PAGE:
May 8, 2016

How Not to find Good Books

They say not to judge a book by its cover. But if we’re literally talking about books, what are the better options? This is a question that has tortured me forever, and for which I have no good answer. I’ve tried many options, yet somehow I still end up spending my very limited reading time on far too many books I regret reading. I recognize that many of these books do appeal to many people. But shouldn’t there be some signal I can use to work out if a book’s liable to appeal to me specifically?

Maybe so, but I haven’t found it yet. Here are a few straw men that are easy to knock down.

Read the first few pages, or skim a bit. I do like this option, because it’s easy. But some of the best books I’ve ever read start very, very slow. Many books have good hooks but go nowhere. Skimming has never told me anything much more helpful than whether or not the book is more exposition or dialogue.

Professional reviewers? I’ve made this mistake far too many times. Well known book reviewers in widely read publications tend to overflow with praise for terrible books. I’ve come to the conclusion that it can’t possibly have anything to do with what’s between the covers.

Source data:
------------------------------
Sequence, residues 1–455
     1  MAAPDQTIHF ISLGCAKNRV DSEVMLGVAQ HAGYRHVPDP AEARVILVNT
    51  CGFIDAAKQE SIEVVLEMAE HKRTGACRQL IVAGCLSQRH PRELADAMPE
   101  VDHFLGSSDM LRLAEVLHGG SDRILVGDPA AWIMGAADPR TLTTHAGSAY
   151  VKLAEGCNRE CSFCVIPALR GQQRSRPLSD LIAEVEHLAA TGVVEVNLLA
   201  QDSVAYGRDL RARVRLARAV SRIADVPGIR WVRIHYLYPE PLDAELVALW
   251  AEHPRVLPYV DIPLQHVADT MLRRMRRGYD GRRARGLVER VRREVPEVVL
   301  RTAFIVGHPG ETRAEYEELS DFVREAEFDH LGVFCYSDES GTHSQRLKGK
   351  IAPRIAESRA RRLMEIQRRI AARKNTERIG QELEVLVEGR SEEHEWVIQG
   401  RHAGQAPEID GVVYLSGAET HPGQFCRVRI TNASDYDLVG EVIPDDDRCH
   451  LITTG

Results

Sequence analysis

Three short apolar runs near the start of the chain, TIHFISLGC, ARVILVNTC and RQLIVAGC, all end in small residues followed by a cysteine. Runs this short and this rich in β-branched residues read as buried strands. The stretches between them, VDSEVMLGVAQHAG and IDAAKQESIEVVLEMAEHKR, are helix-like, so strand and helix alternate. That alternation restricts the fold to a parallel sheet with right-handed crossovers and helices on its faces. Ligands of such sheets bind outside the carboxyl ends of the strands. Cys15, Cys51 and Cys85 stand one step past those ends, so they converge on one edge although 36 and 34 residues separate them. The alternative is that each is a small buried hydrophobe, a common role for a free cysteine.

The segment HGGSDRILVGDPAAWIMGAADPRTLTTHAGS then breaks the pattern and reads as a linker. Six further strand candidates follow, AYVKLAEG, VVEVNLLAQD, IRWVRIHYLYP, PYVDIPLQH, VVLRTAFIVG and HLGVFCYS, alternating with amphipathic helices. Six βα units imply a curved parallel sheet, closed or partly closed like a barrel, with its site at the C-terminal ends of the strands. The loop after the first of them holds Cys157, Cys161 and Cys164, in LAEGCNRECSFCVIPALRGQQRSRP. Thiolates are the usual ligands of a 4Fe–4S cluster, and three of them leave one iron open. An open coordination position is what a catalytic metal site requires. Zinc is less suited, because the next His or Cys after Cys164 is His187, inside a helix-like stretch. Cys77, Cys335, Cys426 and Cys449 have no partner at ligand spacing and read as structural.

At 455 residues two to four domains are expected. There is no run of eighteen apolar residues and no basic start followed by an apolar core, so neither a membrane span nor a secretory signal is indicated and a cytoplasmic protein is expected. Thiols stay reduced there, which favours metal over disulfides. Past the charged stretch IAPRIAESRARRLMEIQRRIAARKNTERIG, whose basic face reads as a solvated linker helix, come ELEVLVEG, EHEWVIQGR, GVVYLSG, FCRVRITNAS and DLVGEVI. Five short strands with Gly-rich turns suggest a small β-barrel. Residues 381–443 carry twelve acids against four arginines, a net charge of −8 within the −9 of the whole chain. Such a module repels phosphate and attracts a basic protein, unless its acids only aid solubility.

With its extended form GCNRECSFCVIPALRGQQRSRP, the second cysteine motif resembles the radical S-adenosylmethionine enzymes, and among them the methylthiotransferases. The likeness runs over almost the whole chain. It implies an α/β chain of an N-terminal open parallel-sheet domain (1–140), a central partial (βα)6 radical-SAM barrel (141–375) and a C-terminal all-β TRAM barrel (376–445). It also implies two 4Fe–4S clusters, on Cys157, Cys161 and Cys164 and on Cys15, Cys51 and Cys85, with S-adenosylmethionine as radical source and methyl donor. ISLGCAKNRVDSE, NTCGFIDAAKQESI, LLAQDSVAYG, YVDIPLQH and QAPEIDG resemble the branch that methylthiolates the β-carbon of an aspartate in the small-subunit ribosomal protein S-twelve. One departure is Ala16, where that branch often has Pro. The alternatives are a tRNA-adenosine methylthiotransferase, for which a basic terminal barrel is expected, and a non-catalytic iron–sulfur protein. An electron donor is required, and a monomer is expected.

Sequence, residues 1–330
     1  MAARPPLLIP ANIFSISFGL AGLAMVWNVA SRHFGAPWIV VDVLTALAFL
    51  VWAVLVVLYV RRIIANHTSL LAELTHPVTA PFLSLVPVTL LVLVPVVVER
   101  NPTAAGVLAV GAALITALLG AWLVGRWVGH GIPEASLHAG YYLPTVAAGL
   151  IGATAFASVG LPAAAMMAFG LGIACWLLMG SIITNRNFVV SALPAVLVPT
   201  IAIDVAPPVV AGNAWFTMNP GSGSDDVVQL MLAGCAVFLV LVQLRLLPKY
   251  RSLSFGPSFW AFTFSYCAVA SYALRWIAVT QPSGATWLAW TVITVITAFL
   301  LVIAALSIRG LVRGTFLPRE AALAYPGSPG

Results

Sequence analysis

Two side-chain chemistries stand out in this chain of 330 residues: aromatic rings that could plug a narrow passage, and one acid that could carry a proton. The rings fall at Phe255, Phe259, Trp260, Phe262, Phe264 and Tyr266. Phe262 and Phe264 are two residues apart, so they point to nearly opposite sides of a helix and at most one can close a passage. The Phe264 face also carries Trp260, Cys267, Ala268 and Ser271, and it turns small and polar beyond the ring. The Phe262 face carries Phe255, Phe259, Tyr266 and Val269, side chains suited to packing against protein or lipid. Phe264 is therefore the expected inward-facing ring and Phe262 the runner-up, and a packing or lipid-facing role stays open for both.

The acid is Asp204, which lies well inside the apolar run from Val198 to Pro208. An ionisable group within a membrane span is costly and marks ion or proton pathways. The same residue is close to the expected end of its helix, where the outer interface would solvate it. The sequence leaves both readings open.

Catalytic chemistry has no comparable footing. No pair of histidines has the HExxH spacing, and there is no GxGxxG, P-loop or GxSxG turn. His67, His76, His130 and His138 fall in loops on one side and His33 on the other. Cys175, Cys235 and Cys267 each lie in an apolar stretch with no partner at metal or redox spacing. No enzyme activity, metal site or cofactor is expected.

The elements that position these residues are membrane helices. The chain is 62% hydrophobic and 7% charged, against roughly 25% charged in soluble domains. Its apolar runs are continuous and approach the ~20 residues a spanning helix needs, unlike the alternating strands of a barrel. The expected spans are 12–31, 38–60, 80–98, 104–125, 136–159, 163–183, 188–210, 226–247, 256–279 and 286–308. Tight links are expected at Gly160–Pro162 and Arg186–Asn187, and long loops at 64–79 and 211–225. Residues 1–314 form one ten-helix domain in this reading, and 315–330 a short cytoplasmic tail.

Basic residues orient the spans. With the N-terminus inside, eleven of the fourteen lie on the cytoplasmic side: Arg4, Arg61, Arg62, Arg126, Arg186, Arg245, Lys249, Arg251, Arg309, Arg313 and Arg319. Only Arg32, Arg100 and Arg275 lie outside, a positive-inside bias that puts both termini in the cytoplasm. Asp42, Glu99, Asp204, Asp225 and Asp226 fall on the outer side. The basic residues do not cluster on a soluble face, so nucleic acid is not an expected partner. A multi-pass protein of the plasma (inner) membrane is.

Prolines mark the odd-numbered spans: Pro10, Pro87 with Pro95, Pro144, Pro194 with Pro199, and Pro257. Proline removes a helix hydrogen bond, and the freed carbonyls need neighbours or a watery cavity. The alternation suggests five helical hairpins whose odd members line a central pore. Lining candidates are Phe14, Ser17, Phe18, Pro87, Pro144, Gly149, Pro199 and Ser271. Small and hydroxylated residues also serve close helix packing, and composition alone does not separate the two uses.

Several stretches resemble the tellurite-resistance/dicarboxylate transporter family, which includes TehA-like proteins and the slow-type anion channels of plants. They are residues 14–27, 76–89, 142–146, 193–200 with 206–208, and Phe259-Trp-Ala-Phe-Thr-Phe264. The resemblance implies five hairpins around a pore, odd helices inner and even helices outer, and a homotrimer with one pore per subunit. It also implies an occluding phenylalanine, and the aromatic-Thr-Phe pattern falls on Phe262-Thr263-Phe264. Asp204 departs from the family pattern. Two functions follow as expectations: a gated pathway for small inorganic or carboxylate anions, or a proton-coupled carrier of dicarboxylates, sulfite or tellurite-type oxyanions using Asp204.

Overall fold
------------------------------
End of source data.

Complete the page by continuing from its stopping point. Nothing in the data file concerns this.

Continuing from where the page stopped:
Online reviews? Online reviews are notoriously unreliable, although if a book has enough reviews, you can sometimes read between the lines a bit to work out which kinds of people felt which way about it. Still, it’s led me astray too many times.

Friends? I have few if any friends who admit to reading books, only one I occasionally discuss books with, and none who can produce well-informed advice about what I might like. I enjoy reading as a solitary activity, not a social one, so this isn’t likely to change, although it’s always remotely possible some new friend I haven’t met yet will turn out to have similar reading preferences.

Recommendation systems (e.g., what Amazon thinks you’ll like, based on your previous ratings)? Notwithstanding all the hand-waving I see about this, recommendation systems for books (and movies) are still terrible. When they recommend books (or movies) that they don’t know I’ve read or not, they’re mostly things I didn’t like.

Actually, yes, go by the cover. Blurbs are mostly useless, but the synopsis tells you something, and the cover itself probably has some clues about who the publisher thought the book would appeal to. Not a great option, but is it really any worse than the rest?

Books by authors you’ve enjoyed in the past. Sure, this can work out well. But you wouldn’t be in this predicament if you hadn’t already more or less exhausted that supply, or if you weren’t looking for find something new.

Am I missing something? I don’t have a good solution, other than doing the best I can with these noisy bits of information, and being prepared to drop them frequently.